The Camp Fire started in Butte County and was the most expensive natural disaster insurance loss in 2018. 153,336 acres were burned. This fire destroyed about 95% of the towns of Paradise and Concow. At least 18,000 structures were destroyed within the fire’s first four hours.

The Woolsey Fire affected Los Angeles and Ventura Counties and burned 96,949 acres. 1,643 structures were destroyed and more than 295,000 people were evacuated.

The Carr Fire burned 1,604 structures and 229,651 acres across Shasta and Trinity Counties. The fire crossed the Sacramento River, causing 38,000 people from the Redding area to evacuate.

The Mendocino Complex Fire was a combination of the River and Ranch Fires and burned 459,102 acres and 229 structures. It took place in Lake, Mendocino, Colusa and Glenn Counties. The Ranch Fire was caused by sparks made with a hammer and stake.

2017 October Wildfires

There were a total of 250 individual fires that started in early October 2017. The wildfires broke out throughout Napa, Lake, Sonoma, Mendocino, Butte and Solano Counties during severe fire weather conditions.

Some of the largest fires included:

Nuns Fire in Napa and Sonoma Counties at 56,556 acres, 1,355 structures destroyed

Atlas Fire in Napa and Solano Counties at 51,624 acres, 781 structures destroyed, 120 structures damaged

Tubbs Fire in Sonoma County at 36,807 acres, 5,643 structures destroyed, 317 structures damaged

Redwood Valley Fire in Mendocino County at 36,523 acres, 545 structures destroyed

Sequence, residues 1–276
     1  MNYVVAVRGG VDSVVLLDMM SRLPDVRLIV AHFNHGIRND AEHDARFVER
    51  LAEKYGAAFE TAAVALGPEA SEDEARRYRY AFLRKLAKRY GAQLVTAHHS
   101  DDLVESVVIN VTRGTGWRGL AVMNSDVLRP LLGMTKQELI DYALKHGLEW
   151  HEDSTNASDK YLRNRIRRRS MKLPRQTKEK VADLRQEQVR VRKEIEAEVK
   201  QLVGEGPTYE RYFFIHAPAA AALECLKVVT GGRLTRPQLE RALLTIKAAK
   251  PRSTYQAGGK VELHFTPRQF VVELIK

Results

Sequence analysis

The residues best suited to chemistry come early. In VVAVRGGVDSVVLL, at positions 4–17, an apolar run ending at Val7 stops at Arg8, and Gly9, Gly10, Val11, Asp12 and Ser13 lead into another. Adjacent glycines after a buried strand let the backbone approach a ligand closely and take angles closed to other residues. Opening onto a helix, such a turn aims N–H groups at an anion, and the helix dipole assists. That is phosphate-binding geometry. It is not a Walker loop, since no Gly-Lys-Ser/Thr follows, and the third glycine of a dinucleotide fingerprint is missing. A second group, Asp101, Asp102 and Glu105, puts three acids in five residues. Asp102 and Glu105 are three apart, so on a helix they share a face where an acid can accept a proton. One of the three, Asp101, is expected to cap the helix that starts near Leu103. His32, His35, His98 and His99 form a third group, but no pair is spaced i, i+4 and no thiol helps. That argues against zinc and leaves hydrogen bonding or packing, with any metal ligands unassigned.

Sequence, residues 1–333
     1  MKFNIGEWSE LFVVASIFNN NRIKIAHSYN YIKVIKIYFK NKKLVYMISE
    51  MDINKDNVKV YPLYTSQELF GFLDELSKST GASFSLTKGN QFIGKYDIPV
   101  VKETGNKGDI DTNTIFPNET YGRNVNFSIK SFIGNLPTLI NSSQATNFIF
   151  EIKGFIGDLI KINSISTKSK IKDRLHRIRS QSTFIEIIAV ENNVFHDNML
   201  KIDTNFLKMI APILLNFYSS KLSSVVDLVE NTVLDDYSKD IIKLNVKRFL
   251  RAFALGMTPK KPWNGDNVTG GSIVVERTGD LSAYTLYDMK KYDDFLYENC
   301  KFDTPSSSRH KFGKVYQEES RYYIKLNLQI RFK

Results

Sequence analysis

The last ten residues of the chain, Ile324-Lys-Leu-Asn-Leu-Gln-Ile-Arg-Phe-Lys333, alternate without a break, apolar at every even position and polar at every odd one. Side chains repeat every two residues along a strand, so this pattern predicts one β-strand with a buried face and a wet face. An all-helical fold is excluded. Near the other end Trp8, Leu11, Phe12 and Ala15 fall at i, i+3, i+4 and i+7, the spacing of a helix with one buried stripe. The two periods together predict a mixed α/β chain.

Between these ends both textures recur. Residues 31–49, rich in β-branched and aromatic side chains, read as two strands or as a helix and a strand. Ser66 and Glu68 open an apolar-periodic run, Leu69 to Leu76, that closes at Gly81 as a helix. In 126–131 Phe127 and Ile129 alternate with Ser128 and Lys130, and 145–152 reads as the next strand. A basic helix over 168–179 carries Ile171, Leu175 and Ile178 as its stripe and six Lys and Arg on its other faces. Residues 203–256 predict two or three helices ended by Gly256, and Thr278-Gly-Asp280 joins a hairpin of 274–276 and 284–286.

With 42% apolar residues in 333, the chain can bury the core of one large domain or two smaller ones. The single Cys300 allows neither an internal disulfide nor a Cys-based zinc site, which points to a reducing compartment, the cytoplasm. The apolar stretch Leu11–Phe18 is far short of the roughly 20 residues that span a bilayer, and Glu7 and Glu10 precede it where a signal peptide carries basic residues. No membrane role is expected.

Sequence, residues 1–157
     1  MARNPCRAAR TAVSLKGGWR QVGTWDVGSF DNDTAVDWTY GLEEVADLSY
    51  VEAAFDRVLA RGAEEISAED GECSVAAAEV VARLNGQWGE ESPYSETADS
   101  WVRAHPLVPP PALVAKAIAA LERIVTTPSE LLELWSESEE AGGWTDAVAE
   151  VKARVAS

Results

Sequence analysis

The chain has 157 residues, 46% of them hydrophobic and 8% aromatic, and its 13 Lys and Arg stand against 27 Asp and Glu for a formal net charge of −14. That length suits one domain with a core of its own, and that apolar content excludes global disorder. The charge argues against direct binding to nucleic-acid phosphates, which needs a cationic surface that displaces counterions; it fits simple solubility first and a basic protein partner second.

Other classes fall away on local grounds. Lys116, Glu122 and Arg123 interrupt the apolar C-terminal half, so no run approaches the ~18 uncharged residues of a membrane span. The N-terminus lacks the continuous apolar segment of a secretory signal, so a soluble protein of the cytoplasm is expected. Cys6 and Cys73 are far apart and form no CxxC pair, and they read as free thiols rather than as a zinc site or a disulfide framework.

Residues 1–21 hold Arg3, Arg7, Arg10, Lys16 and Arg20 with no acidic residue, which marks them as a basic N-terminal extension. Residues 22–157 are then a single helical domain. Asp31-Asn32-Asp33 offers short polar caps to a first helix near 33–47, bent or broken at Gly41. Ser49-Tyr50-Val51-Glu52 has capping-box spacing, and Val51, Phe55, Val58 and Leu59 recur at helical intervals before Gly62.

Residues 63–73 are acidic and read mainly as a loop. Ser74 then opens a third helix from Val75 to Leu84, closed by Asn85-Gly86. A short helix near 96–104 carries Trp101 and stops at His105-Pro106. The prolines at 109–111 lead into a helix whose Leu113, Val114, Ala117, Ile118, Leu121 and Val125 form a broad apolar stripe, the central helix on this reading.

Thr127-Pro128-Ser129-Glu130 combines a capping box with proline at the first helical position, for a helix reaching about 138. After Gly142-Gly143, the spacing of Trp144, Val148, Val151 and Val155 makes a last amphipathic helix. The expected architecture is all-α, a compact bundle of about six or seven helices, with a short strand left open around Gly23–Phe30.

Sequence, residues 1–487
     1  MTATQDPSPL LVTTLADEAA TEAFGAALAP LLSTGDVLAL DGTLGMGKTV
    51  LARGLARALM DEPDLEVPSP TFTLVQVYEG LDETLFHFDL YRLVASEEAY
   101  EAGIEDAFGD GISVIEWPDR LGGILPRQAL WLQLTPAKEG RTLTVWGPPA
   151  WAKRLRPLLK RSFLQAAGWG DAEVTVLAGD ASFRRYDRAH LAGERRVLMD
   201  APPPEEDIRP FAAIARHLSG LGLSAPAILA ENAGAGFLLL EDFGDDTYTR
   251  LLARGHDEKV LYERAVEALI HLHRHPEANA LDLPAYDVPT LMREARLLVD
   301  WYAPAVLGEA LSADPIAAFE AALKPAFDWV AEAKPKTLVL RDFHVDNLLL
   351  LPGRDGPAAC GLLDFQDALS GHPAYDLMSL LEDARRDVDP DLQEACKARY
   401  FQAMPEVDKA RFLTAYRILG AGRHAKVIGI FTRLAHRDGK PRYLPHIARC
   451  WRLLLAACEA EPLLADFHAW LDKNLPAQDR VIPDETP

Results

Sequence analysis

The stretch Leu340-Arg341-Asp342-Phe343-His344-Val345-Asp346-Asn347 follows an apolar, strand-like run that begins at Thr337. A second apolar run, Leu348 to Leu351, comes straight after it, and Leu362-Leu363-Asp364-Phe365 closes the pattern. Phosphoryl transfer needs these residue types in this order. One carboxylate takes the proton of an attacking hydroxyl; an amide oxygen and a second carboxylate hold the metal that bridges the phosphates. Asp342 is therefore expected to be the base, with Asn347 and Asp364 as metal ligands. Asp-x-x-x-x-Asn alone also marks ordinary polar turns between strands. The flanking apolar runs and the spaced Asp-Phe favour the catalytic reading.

The largest fire to burn this year was the Soberanes Fire in Monterey County for a total of 132,100 acres. 57 homes and 11 outbuildings were destroyed.


The Valley Fire started in Lake County and burned 76,067 acres. 1,955 structures were destroyed as well as most of the towns of Middletown, Hidden Valley Lake and Cobb

The Jerusalem Fire affected Napa and Lake Counties at 25,118 acres, destroying 6 homes and 21 outbuildings.

The Rocky Fire affected Lake, Yolo and Colusa Counties and burned 69,438 acres, including 50 structures (24 of them were homes).

The largest fire in 2015 was the Rough Fire in Fresno County, clearing 151,623 acres. Although it burned for a little over 3 months, only 4 buildings were destroyed as most of the land burned was in the Sequoia National Forest, Sierra National Forest, and Kings Canyon National Park.

2014The Happy Camp Complex in Siskiyou County was the largest fire in 2014, burning 134,056. No buildings have been reported as destroyed; the fire took place in the Klamath National Forest and was started by lightning strikes.

The King Fire in El Dorado County burned 97,717 acres as well as 49 structures. It started to the east of Sacramento. The cause of the fire was arson.


The Rim Fire started in the Stanislaus National Forest and at the time was the second largest fire in California’s recorded history. It burned 257,314 acres and was caused by an illegal camping fire. 11 homes, 3 commercial buildings and 98 outbuildings were destroyed among Tuolumne and Mariposa Counties.


The Rush Fire was the largest wildfire of the 2012 California fire season. It started in Lassen County and ended in Washoe County, Nevada. 315,577 acres were burned as well as one single barn.